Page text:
sending institution before it can debit
the account of the paying institution.
Interterritory float is primarily a result
of interdistrict transportation delays.
In 1983, the Board approved a pro­
gram to reduce and price Federal
Reserve interterritory check float.
Depository institutions that send
checks directly to the Federal Reserve
office serving the paying institution
were offered a choice of two methods
to calculate float costs for checks that
travel between two Federal Reserve

Districts during processing.
Under the first option, called fixed
availability, a depositing institution is
given 100 percent credit for its check
deposits. The amount of float is later
determined by actual collection perfor­
mance and is recovered through “ asof” adjustments, clearing balance
earnings credits or explicit charges to
the institution’s account.
Under the second option, fractional
availability, a depositing institution
receives partial credit for its check
deposits, so that a fraction of each
deposit is deferred an additional day.
The fraction is based on average col­
lection experience over the prior fourmonth period, whether the institution
uses the Federal Reserve transporta­
tion network or its own transportation
to send deposits directly to Federal
Reserve offices in other districts. Con­
sequently, the fractional availability
credit option results in an over- or
under-recovery at any given period
that, in theory, should be offset by
under- or over-recoveries at other
In practice, however, fractional
availability has the potential for not
fully recovering the cost of float
because the fractions represent

historical, rather than current, collec­
tion experience. For example, during
winter, when inclement weather often
causes transportation delays, the frac­
tions are based on the faster collection
times of previous months, and float
fees are lower than actual collection
experience would require.
In the spring, when float fees reflect
winter collection experience, a deposi­
tory institution could shift to the fixed
option or use alternate collection chan­
nels to avoid paying for float it incurred
during the winter.
Therefore, the fractional availability
option will be eliminated Sept. 1, 1986,
though Reserve Banks will continue to
provide fractional schedules, on re­
quest, to depository institutions to
help them allocate float costs back to
their own customers.
A pproxim ately 85 in s titu tio n s ,
generally large commercial banks, cur­
rently use the fractional availability op­
tion, and about 500 currently use the
fixed availability option. The remaining
4,400 in stitu tio n s using Federal
Reserve check services deposit checks
with their local Reserve Banks and do
not have the option of choosing be­
tween crediting methods.

Holding Company
Performance Report

amination Council. The BHCPR con­
tains balance sheet and income state­
ment items and financial ratios that
allow detailed financial analysis of
bank holding companies.
The report will be available approx­
imately 120 days after the December
and June reporting periods. For the
December reporting period, the full
report containing consolidated and
parent data will be available for ap­
proximately 1,020 bank holding com­
panies. A four-page parent-only report
for approximately 800 bank holding
companies that have consolidated
assets between $50 million and $100

million also will be available for that
Copies of individual bank holding
company BHCPR’s may be obtained by
the public for $25 for the full report
with quantity discounts available and
$10 for the parent-only report. BHCPR
User’s Guides may be obtained for $6
per copy.
All orders must be sent to Board of
Governors of the Federal Reserve
System, Attn: Emma J. Warmack,
Publications Section M-138, 20th & C
Streets, N.W., Washington, D.C. 20551.
For ordering assistance please call
(202) 452-2030.

The Federal Reserve Board has an­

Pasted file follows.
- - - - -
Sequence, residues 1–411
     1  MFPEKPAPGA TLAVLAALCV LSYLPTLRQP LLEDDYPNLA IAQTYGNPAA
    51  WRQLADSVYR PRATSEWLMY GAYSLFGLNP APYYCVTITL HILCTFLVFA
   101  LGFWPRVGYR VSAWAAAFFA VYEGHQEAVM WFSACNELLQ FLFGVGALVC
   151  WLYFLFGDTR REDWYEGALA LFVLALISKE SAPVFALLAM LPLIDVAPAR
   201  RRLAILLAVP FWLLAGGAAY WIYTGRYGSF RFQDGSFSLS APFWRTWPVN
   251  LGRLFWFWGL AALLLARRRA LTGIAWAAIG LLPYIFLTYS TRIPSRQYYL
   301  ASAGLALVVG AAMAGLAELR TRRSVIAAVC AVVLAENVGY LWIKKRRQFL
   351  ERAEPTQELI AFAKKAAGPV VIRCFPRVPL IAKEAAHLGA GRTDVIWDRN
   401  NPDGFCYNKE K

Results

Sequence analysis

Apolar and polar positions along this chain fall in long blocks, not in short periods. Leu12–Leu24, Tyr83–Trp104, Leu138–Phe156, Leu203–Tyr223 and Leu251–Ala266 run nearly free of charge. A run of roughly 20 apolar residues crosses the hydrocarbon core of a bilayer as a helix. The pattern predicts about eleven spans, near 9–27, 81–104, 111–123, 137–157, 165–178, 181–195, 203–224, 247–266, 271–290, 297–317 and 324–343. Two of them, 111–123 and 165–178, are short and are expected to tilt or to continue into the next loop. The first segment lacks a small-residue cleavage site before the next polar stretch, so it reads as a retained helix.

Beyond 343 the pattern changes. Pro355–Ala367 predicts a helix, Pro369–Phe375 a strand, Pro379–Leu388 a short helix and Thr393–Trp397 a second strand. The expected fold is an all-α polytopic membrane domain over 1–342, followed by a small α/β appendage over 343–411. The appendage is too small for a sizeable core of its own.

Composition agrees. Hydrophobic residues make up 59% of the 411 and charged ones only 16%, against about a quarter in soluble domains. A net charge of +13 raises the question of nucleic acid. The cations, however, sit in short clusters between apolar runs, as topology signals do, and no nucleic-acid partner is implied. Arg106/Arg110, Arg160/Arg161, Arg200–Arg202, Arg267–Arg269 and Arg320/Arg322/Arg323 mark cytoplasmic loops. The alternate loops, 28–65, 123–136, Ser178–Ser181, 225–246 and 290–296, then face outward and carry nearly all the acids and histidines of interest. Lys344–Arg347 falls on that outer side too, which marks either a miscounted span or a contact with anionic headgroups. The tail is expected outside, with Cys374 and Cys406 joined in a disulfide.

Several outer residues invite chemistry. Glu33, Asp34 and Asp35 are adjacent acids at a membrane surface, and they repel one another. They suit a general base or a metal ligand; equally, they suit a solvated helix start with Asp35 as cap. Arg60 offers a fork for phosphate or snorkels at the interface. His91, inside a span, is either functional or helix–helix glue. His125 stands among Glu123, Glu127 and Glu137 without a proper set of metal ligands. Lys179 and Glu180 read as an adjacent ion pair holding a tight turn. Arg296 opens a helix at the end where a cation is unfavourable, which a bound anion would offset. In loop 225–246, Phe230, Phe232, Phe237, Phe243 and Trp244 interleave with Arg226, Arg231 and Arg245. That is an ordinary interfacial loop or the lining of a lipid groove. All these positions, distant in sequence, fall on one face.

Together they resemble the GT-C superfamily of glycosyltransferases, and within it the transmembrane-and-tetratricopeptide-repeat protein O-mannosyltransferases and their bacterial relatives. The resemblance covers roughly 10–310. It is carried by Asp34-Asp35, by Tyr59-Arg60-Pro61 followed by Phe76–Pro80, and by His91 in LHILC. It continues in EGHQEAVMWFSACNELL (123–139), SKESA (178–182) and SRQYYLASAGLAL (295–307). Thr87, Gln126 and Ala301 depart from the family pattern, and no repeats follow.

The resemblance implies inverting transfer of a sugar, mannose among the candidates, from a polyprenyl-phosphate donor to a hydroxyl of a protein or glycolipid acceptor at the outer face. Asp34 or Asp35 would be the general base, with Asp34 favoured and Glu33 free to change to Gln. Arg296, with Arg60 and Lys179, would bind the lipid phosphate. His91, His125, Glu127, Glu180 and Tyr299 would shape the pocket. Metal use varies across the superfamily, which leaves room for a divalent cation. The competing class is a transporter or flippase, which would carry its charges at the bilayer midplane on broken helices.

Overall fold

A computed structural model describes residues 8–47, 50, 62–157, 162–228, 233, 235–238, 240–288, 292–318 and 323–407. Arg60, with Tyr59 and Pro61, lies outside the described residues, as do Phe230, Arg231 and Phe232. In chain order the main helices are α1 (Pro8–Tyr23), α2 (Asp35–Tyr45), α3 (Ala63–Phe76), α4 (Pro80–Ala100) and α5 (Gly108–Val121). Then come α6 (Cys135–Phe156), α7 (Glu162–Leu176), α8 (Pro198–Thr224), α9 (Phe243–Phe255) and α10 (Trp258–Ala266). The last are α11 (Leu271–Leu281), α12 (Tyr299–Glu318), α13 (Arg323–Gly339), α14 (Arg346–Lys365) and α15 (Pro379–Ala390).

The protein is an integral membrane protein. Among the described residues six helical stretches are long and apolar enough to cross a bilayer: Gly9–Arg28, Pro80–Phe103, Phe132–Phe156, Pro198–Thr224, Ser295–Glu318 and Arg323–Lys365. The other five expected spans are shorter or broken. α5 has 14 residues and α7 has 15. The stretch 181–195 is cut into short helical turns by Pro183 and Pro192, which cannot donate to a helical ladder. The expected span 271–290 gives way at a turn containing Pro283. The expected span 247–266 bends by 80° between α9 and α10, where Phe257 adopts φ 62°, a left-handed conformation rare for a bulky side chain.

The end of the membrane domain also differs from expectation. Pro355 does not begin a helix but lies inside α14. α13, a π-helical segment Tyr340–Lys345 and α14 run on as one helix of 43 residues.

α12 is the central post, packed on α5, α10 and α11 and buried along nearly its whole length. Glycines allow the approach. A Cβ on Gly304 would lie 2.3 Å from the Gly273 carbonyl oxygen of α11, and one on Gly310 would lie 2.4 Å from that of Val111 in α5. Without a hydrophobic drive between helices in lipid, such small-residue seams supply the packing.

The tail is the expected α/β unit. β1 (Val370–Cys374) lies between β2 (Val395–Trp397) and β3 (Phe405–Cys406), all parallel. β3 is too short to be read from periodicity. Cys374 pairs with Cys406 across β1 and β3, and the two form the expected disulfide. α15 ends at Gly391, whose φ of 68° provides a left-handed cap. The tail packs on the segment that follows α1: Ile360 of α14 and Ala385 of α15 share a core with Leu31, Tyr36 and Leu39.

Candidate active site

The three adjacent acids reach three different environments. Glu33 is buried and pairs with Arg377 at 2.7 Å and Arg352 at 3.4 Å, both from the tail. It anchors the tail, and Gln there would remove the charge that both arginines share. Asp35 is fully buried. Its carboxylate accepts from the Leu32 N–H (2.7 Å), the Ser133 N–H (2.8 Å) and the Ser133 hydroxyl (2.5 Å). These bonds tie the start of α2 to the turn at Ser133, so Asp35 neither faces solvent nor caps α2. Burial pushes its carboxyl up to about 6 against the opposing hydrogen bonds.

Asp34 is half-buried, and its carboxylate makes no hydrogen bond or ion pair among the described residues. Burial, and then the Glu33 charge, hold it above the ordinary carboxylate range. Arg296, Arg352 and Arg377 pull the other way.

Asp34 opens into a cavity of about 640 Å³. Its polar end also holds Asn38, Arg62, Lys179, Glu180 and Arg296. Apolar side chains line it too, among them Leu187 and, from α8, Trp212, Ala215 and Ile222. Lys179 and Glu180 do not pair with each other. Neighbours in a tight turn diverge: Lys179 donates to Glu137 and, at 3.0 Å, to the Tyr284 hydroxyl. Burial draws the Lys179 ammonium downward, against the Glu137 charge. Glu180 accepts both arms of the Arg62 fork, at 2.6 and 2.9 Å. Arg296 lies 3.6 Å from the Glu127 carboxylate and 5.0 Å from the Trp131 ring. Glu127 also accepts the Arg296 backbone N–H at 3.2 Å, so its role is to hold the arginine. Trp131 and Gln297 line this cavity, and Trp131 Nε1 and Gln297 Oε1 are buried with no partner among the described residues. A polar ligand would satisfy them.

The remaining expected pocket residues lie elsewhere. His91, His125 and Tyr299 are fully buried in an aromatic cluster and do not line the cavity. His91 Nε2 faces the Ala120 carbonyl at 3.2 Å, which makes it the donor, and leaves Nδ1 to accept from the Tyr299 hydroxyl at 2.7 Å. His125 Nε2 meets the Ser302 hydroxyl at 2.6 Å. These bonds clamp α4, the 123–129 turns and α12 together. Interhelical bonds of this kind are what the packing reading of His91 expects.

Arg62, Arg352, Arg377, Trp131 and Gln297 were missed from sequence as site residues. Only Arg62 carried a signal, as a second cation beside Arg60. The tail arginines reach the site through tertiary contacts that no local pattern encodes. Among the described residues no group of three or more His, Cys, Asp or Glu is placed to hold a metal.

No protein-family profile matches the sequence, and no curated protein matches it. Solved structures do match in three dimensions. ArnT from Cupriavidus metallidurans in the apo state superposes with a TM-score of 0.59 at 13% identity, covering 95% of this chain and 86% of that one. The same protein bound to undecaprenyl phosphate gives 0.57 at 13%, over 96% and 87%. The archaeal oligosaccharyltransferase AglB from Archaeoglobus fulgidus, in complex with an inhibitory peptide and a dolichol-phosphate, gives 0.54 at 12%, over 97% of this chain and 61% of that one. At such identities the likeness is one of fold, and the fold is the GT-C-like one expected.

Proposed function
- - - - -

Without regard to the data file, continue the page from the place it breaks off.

nounced that the Bank Holding Com­
pany Performance Report is available
for sale to the public for the first time,
beginning April 29. The report will also
be sent to all bank holding companies
that file the Bank Holding Company
Financial Supplement.
The 16-page report follows the same
format as the Uniform Bank Perfor­
mance Report that is issued by the
Federal Financial Institutions Ex­

Nonbank Banks
The Federal Reserve Board an­
nounced on March 15 that it was
placing a moratorium on further pro­
cessing of bank holding company
applications to acquire nonbank
banks. According to the Board, this
action results from a recent injunc­
tion issued by a U.S. District Court
in Florida which preliminarily en­
joined the Comptroller of the Cur­
rency from issuing final charters for
nonbank banks.
Nonbank banks either make com­
mercial loans or accept demand
deposits, but not both.
Since the court’s decision means
that applications can no longer be
consummated, the Board decided to
cease considering such applica­
tions. This decision places on hold
more than two dozen applications to
establish nonbank banks in Texas.
If the court’s action is reversed or
limited in a manner allowing the
Controller to grant final charters for







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nonbank banks, the Board indicated
it would act on these applications
promptly upon their refiling. No
republication of notice would be

Recorded Messages
The Dallas Fed maintains two
recorded messages to provide its
constituents up-to-date information
on U.S. Treasury securities. One
message lists auction results of the
three-month, six-month and 52-week
Treasury bills, as well as the Dallas
Fed’s discount rate. It also reports
the most recent rates on Treasury
securities adjusted to constant
maturities of one and three years.
This message is available by dialing
651-6177 in Dallas, 263-1093 in
the Dallas area, (800) 442-7390 from
within Texas and (800) 527-9208 out­
side of Texas.
A second message announces
forthcom ing auctions of U.S.
Treasury notes and bonds, as well
as the interest rates determined at

the most recent auctions. This
recording is available at (214)

New Publications
Copies of two new publications
are available from the Dallas Fed.
The 1984 Annual Report for the
Federal Reserve Bank of Dallas pro­
vides an in-depth view of the energy
in d u s try ’s im portance to the
regional economy. There is also
background information on Federal
Reserve endeavors in the areas of
financial services, supervision and
monetary policy.
A summary of the Federal
Reserve Board’s Feb. 20, 1985,
report to Congress titled “ Monetary
Policy Objectives for 1985’’ is also
available. This report, required by
the Full Employment and Balanced
Growth Act of 1978, is made twice
yearly and discusses the state of
the economy and the course of
monetary policy for the coming